With more than 250 electronic resources at St. Thomas libraries, finding what you’re looking for might be a struggle.
“From my experience, the online resources to me are a little more challenging,” junior Tom Brudzinski said. “Online, you almost need to sit down with someone just to kind of have them walk you through it and get through all the journals.”
Last week, St. Thomas started a new text message service to put students more in touch with librarians and help them find the resources they need. Instead of calling a librarian or finding the nearest reference desk, students can simply take out their cell phone and send a text. Questions range from research help to library hours and everything in between.
This is an idea John Heintz, associate director for digital initiatives in the libraries, said is continuing the library’s already-established researching tools, and it’s the next logical step in helping students navigate the library’s resources.
“Basically we thought it was a natural extension of the existing instant-messaging service,” Heintz said. “We want to be able to reach out to students in any way we can. We have really good print and electronic resources in the libraries, and we can really help students a lot, and we just want to get that communication out to people and get them as many ways as possible to get help from us as we can.”
The library has had an IM reference on its Web site since 2007, and Heintz said it is starting to catch on. In 2008, the library answered around 386 student questions. That number nearly tripled in 2009 with more than 1100.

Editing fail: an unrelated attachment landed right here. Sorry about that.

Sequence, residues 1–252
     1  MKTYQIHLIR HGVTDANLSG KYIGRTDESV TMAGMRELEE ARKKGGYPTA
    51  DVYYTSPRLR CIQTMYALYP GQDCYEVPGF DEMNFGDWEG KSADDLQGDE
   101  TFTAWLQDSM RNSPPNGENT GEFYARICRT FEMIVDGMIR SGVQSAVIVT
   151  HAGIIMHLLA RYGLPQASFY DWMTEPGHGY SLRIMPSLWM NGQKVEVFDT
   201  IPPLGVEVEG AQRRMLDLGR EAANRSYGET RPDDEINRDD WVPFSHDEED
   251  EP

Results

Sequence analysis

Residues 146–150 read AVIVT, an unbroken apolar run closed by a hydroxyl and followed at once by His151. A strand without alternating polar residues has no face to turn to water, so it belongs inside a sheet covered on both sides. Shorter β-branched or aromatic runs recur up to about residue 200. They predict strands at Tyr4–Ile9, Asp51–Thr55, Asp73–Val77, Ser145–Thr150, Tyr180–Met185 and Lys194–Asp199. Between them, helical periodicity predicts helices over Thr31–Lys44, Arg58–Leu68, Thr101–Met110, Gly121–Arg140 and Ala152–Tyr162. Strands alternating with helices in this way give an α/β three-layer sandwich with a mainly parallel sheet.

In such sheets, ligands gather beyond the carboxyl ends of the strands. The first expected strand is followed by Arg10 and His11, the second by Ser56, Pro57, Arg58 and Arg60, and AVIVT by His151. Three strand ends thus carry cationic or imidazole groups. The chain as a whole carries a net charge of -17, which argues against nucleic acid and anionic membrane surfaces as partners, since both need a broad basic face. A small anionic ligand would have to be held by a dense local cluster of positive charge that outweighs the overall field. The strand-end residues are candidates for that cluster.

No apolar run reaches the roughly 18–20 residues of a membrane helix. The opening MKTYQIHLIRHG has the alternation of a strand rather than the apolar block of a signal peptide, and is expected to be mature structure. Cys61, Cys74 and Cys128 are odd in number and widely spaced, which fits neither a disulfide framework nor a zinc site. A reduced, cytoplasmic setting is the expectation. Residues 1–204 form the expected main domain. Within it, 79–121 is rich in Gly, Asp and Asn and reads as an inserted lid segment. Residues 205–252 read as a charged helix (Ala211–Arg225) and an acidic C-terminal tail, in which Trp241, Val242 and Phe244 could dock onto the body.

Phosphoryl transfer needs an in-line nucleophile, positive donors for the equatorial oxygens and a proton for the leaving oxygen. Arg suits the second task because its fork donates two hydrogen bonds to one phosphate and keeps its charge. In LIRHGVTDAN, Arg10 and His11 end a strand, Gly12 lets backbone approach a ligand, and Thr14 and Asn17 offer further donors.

“We have people chat with us in the online form even from within the building,” Heintz said. “They could walk right over to the desk or they could call on the phone, but they’re comfortable with doing the chats.”
The library has found that some students are simply more at ease with the anonymity of typing a question instead of talking directly to a librarian.
“It’s more convenient, and it’s less embarrassing looking like you don’t know what you’re doing here,” freshman Caitlin Hall said. “So it would be easier and less complicated.”
Other students still prefer the more traditional route, though.
“It’s good that the library is trying to stay up to date on the most recent technology and the fads that are going through the student body,” senior Andrew Nowak said. “[But] that would be a really long text message to get all the details in … if I were to use the internet or just talk to them I would be able to get it done a lot faster.”
Heintz said the time it takes to get a response varies depending on the depth of the question asked and staff availability.
The service has only been around for a little over a week, with only a handful of questions sent to the librarians who staff the service at O’Shaughnessy Frey Library and Keffer Library in Minneapolis.
Whether students will fully use the new service has yet to be seen, but with St. Thomas spending about $1.8 million a year on print and electronic content, the library wants to make sure students have the tools they need to use it.
“We’ve got good, solid information resources here that we pay a lot of money for, Heintz said. “It’s your tuition money; you should be using it. So any way we can have people find that stuff we’re going to try that.”
Ashley Bolkcom can be reached at email@example.com.